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I have heard from “them” – you know, the “experts” – that women who don’t wear makeup don’t get the job. I’ve heard also from “them” that overweight women earn less than thin women.

More recently, I’ve also been thinking about the effect of “going gray” on working women. If the experts claim makeup and weight can impact a woman’s career success, can gray hair also be a detriment?

I sent a member of my team on a hunt to find the facts about how a woman’s appearance might impact her career path. I would like to say the research shows that women are no longer judged by how they look – but, unfortunately, I can’t.

Moreover, I also had my researcher look at how a man’s appearance can affect their career. The answer seems to be “not in any significant way.” My researcher compiled more than three pages of statistics on women’s appearances and work, compared to just two bullets on men’s appearances.

Here are some of the startling facts my researcher uncovered:

Women and Gray Hair

  1. In 1950, 7 percent of women dyed their hair. In 2012, the number was closer to 95 percent in some locations.
  2. A June 2017 article on Yahoo! Finance shows recent pictures of each of the 32 female CEOs running Fortune 500 companies. None appear to have clearly gray hair.
  3. While many female celebrities are embracing their gray hair, fewer professional women are doing so. According to civil rights attorney David Scher, this may be due to the fact that ageism is still alive and well in corporate America.

Women and Weight

  1. Employers tend to underestimate the abilities of obese people. They assume overweight people can’t complete difficult tasks or work for long periods of time without getting tired. Overweight women are judged especially harshly by employers.
  2. Research suggests obese people may be perceived as having less leadership potential. Furthermore, obese women are more likely than obese men to face discrimination when applying for a job.
  3. Weight bias affects white women particularly strongly. According to Business Insider, “A difference of about 64 pounds translates to a 9 [percent] decrease in wages for this demographic.”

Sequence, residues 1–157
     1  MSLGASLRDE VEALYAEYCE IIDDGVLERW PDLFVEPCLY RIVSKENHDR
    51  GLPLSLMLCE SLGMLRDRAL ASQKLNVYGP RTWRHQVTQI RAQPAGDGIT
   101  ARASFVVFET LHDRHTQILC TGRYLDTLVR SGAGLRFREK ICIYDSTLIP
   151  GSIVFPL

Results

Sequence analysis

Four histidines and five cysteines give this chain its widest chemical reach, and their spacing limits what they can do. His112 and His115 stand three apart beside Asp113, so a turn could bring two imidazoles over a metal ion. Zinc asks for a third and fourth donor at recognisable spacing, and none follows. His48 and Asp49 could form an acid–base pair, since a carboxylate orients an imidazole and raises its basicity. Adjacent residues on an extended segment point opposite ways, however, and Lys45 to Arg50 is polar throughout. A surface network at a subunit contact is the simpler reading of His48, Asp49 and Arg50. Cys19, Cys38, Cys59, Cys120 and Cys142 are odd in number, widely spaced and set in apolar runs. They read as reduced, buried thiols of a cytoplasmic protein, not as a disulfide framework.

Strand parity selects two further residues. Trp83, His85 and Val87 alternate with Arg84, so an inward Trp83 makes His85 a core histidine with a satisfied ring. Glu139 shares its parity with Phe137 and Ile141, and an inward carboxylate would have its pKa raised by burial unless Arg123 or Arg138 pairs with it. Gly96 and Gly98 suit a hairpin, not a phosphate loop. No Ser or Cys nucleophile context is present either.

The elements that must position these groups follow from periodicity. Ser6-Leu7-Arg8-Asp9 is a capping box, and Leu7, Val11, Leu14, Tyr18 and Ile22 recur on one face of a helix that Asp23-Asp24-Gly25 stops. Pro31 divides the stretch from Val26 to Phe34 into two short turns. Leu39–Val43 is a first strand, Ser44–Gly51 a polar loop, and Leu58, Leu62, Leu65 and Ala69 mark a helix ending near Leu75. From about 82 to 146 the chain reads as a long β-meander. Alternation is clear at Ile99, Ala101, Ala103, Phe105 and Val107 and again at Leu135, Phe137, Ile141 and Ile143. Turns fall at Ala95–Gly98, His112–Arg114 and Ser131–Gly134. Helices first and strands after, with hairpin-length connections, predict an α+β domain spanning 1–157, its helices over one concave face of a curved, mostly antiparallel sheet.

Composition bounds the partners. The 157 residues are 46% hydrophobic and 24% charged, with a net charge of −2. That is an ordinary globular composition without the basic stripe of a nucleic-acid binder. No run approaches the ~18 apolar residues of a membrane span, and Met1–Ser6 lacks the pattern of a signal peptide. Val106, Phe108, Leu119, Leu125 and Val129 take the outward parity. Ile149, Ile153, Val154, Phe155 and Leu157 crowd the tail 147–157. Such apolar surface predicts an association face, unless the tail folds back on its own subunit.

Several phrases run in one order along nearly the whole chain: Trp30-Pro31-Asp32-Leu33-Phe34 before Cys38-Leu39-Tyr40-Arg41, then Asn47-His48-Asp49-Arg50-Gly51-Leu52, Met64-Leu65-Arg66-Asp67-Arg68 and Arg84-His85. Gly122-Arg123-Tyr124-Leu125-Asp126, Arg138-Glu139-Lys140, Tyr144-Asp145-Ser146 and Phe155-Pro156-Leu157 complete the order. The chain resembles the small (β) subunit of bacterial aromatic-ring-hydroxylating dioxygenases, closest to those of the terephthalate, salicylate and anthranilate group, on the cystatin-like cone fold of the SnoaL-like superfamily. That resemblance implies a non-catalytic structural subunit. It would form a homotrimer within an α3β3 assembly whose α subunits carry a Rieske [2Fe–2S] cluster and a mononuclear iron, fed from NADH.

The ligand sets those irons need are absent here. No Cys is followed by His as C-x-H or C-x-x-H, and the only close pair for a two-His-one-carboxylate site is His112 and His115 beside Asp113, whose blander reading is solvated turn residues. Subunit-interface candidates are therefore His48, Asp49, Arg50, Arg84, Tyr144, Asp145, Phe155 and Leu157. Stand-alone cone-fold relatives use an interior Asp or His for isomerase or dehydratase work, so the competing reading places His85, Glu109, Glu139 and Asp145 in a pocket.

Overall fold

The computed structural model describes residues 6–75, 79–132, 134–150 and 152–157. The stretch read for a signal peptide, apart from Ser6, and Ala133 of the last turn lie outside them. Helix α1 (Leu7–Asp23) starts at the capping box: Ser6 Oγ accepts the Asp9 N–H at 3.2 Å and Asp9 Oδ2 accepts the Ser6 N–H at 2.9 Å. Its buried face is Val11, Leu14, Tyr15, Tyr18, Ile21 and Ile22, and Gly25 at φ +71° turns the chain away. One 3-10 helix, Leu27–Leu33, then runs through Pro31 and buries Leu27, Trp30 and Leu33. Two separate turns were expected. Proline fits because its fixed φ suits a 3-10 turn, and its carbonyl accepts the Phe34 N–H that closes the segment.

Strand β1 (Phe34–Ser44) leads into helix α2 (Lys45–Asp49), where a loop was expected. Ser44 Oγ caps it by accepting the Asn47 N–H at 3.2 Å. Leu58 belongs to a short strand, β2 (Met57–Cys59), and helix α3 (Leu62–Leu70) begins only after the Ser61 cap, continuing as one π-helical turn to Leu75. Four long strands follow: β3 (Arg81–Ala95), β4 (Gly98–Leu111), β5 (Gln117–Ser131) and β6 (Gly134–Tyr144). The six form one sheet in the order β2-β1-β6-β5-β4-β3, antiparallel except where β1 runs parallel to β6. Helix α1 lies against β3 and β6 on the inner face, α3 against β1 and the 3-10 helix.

Women and Makeup

  1. In one study, people were shown photos of the same women wearing no makeup, wearing some makeup, and wearing a lot of makeup. In general, research participants preferred the pictures of women in some makeup. According to Dr. Tara Well, a psychology professor at Barnard College of Columbia University, “We may make the inference that if a woman wears some makeup, she takes care of herself and, therefore she’ll take care of other people, projects, etc., [w]hile no makeup may signal self-neglect and a lot of makeup might make a sign of an extreme self-focus that can negatively impact one’s working relationships.”
  2. In one survey, 49 percent of employers said a woman’s makeup would be a factor in their hiring decision if the woman were applying for a public-facing role with the company.
  3. More than two-thirds of employers in the same survey said they would be less likely to hire a female job applicant who didn’t wear makeup to an interview.

Employers, I ask you to examine your biases. At the next job interview, try not to judge women candidates so harshly on appearance. Instead, focus on their performance and their outcomes.

For professional women, remember: The job interview is your chance to sell yourself. While you may face unfair scrutiny from employers based on your appearance, you can also try to keep the conversation firmly focused on your skills and competencies. Show the interviewer what you have to offer, and you may be able to mitigate some of their bias.

Jaynine Howard is a military veteran whose work as a career strategist and reinvention specialist has been recognized by professional organizations throughout the nation.



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